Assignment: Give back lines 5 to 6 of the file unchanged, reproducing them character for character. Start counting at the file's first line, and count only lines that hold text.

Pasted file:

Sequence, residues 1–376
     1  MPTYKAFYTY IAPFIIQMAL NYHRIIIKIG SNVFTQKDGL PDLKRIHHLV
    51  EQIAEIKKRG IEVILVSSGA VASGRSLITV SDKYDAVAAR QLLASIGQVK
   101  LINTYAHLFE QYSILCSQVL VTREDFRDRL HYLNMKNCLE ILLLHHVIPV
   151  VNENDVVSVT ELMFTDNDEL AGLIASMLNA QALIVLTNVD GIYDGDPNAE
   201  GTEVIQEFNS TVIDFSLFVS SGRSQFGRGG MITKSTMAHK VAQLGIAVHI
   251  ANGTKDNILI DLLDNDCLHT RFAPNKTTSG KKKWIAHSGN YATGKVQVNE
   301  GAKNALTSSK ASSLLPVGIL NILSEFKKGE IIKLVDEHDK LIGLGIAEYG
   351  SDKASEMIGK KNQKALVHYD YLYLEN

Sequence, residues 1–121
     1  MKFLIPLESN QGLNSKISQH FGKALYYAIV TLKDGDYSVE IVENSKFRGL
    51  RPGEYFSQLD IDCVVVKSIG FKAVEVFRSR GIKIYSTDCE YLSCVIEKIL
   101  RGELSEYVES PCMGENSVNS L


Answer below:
   151  VNENDVVSVT ELMFTDNDEL AGLIASMLNA QALIVLTNVD GIYDGDPNAE
   201  GTEVIQEFNS TVIDFSLFVS SGRSQFGRGG MITKSTMAHK VAQLGIAVHI